When I designed my Fuzzy Bunny & Chick pattern in 2007, I used Bernat Baby Lash yarn for the chick. It was perfect – a curly-lashed eyelash yarn with a thick yarn core in the perfect shade of chick yellow – but, of course, that yarn has long since been discontinued.
I stopped designing with novelty yarns in 2008: the frustration of yarn-specific patterns (yarn not being available to the majority of my customers worldwide, and then getting discontinued with no suitable replacement) means it’s very rarely worth the hassle of using an unusual yarn in a pattern.
Still, my Fuzzy Friends patterns are good designs, and I’ve always felt it’s a shame there are so few yarns that would be appropriate replacements to use with my sweet little Fuzzy Chick pattern. So, after a little experimentation, I’ve come up with two easy options so anyone can make a very, very cute Fuzzy Chick – maybe even cuter than the original, do you think..?
L-R: Tiny Chick, Medium Chick, Fuzzy Chick (original)
The best part is that the new Tiny and Medium chicks both use standard everyday worsted weight acrylic yarn, so you can just use the same yarn you do for normal amigurumi! (Specifically, I used Bernat Satin in Banana for both chickies.)
Tiny Chick is just over 2″ tall, and uses worsted weight yarn, an E US/3.5mm hook, and 4.5mm eyes.
Medium Chick is 3″ tall, and uses 2 strands of worsted weight yarn held together, an H US/5mm hook, and 6mm eyes.
You can also use the above yarn/hook sizes as a starting point for any of my other Fuzzy patterns, if you don’t want to make them with a novelty yarn – this technique will work equally well with all of them!
A Miracle Brush
Let’s pause for a moment so I can tell you about my new amazing amigurumi brushing tool. I’ve seen it called a Teasel Brush (UK), Nap Riser Brush (US), and Bunka Brush (Japan) – if you google each of these names you should be able to find a stockist in your country under one or other of the names. Basically, it’s a very small wire brush with stiff angled prongs, used for brushing out the seams of teddy bears, brushing pile fabrics, or creating brushed areas in needlework or (of course) crocheted or knitted fabric. Some of these brushes slip over your finger, and others are mounted on a small wooden handle (like mine, below), but the prongs are the same in both cases.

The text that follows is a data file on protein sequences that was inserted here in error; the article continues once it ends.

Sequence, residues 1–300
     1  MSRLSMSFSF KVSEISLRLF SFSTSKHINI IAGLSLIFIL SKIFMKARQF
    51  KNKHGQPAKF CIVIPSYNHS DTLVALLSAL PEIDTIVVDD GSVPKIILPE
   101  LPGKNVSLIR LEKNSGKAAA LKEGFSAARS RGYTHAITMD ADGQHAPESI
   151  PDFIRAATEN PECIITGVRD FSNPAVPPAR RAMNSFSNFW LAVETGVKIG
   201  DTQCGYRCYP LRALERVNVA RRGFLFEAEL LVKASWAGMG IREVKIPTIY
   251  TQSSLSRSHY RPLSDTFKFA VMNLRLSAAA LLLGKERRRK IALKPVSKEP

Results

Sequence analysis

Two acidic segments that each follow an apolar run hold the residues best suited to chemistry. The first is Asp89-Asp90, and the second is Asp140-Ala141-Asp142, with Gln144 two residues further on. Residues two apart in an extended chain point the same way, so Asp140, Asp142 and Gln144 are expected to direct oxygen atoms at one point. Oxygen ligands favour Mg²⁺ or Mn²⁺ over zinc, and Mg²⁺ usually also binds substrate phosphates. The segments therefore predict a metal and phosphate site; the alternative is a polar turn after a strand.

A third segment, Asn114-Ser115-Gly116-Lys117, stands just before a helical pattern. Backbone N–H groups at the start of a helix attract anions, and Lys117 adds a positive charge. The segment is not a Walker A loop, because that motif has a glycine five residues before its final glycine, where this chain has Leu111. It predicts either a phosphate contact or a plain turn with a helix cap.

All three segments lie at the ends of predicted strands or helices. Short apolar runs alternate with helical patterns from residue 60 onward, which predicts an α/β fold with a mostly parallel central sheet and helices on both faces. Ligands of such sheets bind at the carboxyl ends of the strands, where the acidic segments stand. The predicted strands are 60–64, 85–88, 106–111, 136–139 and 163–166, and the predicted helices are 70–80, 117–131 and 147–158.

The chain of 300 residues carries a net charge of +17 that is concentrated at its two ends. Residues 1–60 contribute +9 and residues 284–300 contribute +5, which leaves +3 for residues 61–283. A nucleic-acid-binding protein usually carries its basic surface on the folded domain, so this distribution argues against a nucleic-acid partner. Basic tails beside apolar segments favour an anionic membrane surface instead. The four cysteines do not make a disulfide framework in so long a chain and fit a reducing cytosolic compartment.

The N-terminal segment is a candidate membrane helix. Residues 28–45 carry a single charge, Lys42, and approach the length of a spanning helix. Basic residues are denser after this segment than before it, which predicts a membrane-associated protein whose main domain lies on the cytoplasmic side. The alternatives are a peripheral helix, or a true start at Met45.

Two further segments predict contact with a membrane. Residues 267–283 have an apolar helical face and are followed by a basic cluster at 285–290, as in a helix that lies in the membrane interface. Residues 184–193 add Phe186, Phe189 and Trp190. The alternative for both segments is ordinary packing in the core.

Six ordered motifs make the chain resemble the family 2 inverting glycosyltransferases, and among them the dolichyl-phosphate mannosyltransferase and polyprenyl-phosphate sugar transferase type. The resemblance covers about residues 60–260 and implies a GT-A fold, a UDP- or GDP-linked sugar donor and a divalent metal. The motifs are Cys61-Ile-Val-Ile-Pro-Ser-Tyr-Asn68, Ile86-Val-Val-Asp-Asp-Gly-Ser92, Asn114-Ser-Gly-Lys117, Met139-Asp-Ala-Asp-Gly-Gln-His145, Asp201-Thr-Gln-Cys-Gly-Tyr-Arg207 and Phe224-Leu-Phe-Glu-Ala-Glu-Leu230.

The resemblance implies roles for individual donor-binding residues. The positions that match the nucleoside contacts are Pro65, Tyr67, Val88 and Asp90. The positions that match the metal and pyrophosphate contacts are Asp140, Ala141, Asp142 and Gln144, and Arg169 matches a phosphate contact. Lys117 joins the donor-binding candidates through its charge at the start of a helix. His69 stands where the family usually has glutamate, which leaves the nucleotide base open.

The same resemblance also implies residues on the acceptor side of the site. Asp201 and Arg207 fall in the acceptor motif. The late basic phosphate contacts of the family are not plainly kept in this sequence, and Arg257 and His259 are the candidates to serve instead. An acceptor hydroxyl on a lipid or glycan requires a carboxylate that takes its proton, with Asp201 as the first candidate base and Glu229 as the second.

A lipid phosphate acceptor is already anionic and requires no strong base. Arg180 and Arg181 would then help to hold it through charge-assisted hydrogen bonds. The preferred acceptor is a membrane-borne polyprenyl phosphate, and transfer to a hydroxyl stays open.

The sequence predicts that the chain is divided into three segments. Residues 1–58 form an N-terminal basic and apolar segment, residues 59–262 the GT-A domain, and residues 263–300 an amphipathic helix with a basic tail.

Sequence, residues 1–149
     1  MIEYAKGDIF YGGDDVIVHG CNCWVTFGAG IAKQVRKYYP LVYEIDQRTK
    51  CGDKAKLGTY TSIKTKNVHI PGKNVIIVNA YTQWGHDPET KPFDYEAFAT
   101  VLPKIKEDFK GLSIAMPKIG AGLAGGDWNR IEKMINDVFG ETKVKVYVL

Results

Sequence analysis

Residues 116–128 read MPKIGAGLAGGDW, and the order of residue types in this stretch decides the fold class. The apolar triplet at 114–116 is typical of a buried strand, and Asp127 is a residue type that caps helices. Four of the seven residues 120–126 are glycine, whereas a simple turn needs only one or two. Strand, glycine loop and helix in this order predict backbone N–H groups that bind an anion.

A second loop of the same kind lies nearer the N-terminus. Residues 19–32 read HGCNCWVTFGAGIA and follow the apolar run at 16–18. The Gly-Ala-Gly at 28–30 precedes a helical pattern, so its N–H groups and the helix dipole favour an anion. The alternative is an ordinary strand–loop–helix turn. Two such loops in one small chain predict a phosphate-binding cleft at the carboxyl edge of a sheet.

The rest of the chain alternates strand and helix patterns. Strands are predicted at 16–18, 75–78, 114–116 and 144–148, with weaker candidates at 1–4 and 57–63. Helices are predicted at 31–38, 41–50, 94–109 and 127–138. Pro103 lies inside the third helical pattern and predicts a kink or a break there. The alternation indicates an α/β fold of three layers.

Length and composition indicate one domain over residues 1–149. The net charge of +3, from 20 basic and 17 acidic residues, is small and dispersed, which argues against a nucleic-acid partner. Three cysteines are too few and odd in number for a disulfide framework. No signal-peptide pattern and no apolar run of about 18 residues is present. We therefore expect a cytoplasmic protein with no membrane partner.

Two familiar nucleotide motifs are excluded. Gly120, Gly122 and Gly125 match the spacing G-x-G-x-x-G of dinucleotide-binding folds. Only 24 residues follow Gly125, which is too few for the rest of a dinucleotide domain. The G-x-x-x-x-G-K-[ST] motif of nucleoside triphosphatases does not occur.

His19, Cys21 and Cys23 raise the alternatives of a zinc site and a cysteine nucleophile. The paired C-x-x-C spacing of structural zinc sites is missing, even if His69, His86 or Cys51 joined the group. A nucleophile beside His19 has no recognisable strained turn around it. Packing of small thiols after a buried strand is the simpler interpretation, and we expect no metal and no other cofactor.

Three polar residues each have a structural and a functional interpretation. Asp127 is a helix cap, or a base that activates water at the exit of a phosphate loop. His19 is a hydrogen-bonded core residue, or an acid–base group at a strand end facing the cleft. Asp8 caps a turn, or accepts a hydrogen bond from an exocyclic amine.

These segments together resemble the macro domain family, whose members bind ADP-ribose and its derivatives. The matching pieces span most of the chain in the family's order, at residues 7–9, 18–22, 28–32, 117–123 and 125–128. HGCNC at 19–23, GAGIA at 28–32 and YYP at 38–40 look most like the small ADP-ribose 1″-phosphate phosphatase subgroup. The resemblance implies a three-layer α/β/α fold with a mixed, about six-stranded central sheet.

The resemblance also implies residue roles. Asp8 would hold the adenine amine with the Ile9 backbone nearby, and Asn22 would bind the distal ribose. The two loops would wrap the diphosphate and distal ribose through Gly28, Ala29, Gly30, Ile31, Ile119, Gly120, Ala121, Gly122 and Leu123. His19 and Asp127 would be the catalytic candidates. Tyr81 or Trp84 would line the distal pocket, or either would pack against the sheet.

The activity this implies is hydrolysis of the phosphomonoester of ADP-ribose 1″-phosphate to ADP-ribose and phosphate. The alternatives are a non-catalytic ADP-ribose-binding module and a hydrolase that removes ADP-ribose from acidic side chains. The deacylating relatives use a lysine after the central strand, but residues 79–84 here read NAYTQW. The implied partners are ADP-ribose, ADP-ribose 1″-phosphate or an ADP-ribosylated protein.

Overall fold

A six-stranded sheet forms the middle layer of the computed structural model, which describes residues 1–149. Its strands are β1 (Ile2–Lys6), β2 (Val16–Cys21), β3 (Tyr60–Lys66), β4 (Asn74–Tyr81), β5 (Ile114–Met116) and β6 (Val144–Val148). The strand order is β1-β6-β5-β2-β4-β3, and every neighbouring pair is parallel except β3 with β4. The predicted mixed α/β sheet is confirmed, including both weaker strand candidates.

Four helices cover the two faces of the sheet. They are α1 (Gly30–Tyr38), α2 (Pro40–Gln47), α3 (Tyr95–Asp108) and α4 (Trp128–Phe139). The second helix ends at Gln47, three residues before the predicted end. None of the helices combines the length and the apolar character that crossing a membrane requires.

A small tool for a small job like a tiny chick makes all the difference – compare the size of my teasel brush (front) with the pet slicker brush (back).
Using one of these brushes follows exactly the same principle as using a wire pet brush to create brushed amigurumi, but, as it’s far smaller than a pet brush, it’s more suited to brushing detail areas and small amigurumi. I’ve left visible scratches in my thumbnail more than once when brushing my crochet with a large pet slicker brush, but, since I bought the smaller brush, I have finer control over where I’m brushing, and haven’t scratched up my nails once!
Of course, it does take longer to brush the same size area with a smaller brush, so, as usual, it’s your personal preference as to which type of brush is the best option. I’m happy to keep both in my toolkit now, and use the most appropriately-sized brush for the job at hand.
Making the Chicks
To make my chicks, I followed the original Fuzzy Chick pattern, together with the instructions from my Fuzzy to Brushed Crochet tutorial (you’ll have already received the tutorial as a bonus PDF if you’ve bought any of my Fuzzy patterns) but I brushed the chick pieces for longer than I did the bear in the tutorial, to get them nice and fluffy. This should give you an idea of the process:
L-R: Head (brushed), Body (unbrushed), Wing 1 (brushed side up), Wing 2 (brushed side down)
As you can see, the pieces are very small after crocheting them, but the fluffiness adds to the size considerably after they are brushed. After brushing, my double-strand-of-worsted chick is almost as large as the original chick.
As the chicks are heavily brushed, I gave the fluff a little trim around the face (particularly the eye area) with a pair of small sharp scissors, to get rid of any extra-long fibres and neaten then up a bit.
It’d be a bit fiddly to brush such small amigurumi with a pet brush, so, if you feel like small brushed amigurumi might be something you’d like to add to your repertoire, I highly recommend you seek out a Teasel/Nap Riser/Bunka brush to make the task less perilous!
Now you know you can use any yellow yarn to make a Fuzzy Chick, how about making one – or a handful – of tiny chickies for the Spring/Easter crochet-along? The brushing probably takes longer than the crocheting, but with only 4 tiny parts, it’s still a very speedy project, and would be lovely for Easter…